Tuesday, January 4, 2011

Why Am I a Word Whore?


 Games.

No, really.  Blame my roots, the ones untouched by L’Oreal Excellence 6R.

My paternal grandfather spoke seven languages fluently. He did his crossword puzzles in pen. Dinner chatter always involved a bevy of puns. Most of the time, I stared at him agog, awed by how much stuff he had in his brain. I understood a fraction of what he said and a mote of what he meant.

But then. Oh, but then. Game Time would come.

I reigned as Barricade Beeotch in Parcheesi, morphed into Satan’s Spawn during Uno, and hoarded Happiness while collecting a pittance of Fame and Fortune in Careers.  Each triumph was gleefully celebrated, for it was an unconscionable sin to let someone to win.

There was no glee quite akin to my grandfather’s glee when it came to games of wit and orthography. My Achilles’ heel. No, not wit. Orthography, the damnable art of spelling. No other game embodied my white whale as much as:

Probe.

Sci-fi fans: Commence tittering over metallic devises and certain orifices.
Fantasy fans: Immediately redirect thoughts to building shields of stone around your mind.
Erotica fans: Unlock the toy chest and be so kind as to use the warming lube.

When you’re done, consider, if you will, a seemingly simply game made by Parker Brothers in the 1960s. Each player chooses a word between two and twelve letters. Each letter occupies a segment in a bright orange rack.  A deck of instruction cards determines play. The goals: guess your opponent’s word and own the last word unmasked. Forfeiture came in the misspelling of one’s chosen word.

I was four when the racks attracted my attention. I was seven before I could sit at the game table with the one reasonably long word I knew how to spell. Elephant. I was out in two turns. I had to sit in my chair until the game was over, watching as big obscure words were slowly revealed.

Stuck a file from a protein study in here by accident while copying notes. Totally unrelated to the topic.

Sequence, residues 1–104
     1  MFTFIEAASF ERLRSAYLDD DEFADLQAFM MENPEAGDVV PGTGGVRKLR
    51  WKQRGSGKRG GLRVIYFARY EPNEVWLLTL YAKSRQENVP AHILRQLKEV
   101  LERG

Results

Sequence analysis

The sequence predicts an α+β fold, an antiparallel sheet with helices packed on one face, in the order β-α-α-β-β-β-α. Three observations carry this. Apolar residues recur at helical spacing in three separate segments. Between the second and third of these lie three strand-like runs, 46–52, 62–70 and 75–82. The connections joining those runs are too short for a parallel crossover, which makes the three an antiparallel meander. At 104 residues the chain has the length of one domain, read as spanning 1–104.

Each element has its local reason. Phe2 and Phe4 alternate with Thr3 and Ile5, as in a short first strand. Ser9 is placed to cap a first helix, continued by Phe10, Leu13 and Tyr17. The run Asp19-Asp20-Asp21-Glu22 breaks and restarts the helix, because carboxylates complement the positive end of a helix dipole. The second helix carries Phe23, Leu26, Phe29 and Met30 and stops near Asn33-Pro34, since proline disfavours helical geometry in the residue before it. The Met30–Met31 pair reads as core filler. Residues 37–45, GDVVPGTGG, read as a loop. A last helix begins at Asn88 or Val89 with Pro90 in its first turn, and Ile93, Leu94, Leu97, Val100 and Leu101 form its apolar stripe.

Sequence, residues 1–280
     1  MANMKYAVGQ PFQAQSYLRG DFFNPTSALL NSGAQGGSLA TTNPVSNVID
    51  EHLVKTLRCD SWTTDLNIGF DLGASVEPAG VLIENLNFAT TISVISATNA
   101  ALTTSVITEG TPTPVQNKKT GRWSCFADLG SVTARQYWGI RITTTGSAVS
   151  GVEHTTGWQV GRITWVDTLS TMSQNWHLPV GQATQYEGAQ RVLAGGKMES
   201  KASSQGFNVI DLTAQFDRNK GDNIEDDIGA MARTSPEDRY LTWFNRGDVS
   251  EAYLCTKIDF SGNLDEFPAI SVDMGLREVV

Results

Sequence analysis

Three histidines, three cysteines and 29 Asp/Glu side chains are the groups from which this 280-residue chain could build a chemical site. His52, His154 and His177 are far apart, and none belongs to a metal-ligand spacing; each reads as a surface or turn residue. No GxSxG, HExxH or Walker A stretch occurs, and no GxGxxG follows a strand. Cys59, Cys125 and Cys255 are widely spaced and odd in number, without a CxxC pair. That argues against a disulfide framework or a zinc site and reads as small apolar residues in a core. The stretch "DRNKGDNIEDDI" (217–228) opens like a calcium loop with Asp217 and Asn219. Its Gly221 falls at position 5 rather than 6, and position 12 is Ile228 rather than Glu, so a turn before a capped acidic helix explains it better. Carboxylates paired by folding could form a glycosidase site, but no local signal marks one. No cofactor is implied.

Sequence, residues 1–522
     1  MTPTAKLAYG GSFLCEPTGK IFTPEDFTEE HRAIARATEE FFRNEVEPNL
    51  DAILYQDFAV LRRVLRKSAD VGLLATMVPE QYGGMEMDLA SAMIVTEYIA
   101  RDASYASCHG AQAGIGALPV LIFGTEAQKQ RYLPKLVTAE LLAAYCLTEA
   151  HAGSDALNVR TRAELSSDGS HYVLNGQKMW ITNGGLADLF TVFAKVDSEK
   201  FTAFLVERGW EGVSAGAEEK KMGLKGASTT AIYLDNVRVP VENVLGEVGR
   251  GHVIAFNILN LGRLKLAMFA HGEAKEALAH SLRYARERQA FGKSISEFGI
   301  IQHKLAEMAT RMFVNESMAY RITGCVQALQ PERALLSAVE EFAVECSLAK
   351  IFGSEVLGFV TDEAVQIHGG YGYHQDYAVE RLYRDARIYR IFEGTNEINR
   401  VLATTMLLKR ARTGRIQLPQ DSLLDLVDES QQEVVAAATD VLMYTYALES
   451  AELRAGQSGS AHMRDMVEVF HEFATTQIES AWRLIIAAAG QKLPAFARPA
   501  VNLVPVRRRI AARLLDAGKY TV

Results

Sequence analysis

There was only one way to be able to hold my own with the big boys. I had to become a mistress of words and strategy, so I read. Historical fiction, gothics, mysteries, fantasy, romances. If it was a novel, it was my cure for the bane of youth: boredom. My parents were understandably thrilled by the notion of a silent entertainment for their otherwise obstreperous child. Like any criminal mastermind, I studied, I plotted. I absorbed words and their multiple meanings. When the time came, I was prepared to take my seat at the game table.  

Enter my nemesis stage left: the dictionary.

I loathed it with a fiery passion. Exactly what use is a big book of words when you have to know how to spell the word in order to know how to spell the word? ~eye twitch~ Yet, I desired to win the game. So, like any diligent student of the American schools, I memorized vocabulary lists. I passed my “grade-appropriate” spelling tests.

Note: “Passed” not “Aced”

If the purpose of the written word is communication, then meaning holds priority over form. American English spelling wasn’t standardized until the mid 19th century. This is the case I presented to my fellow gamers. I let the vast collections of literature from times preceding the standardization deliver the climax, the irrefutable proof. 

It did not lead to a rule change in Probe.

Nay, I was banished once again from the game table. Oh, I was applauded for knowing the meanings, but I could never win the game if I could not spell.

I would love to give you all a happy ending to my tale. Truly, I do wish I could claim to be a globally honored orthographer.

It’d be one hell of a lie.

My handicap has not diminished my love of word games. A plethora of tantalizing challenges have sprawled over the great game table throughout the years. Players have come and gone. With (their advancing) age and (my nagging) strategy, I have gained concessions from the regular players to at least permit the use of the infernal dictionary during play. 

After all, one must know how to spell the word before one can look it up, right?

Should you, my lovelies, wish to spend a day with this literary courtesan, please be prepared for a dozen rounds of Word Yahtzee or Quiddler. 

Leave the Probe on the spaceship, wizard mound, or dungeon.

16 comments:

  1. I don't think I could encounter a game of Probe without giggling like a schoolkid at its name ;-)

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  2. Got my lube! What did you say after that?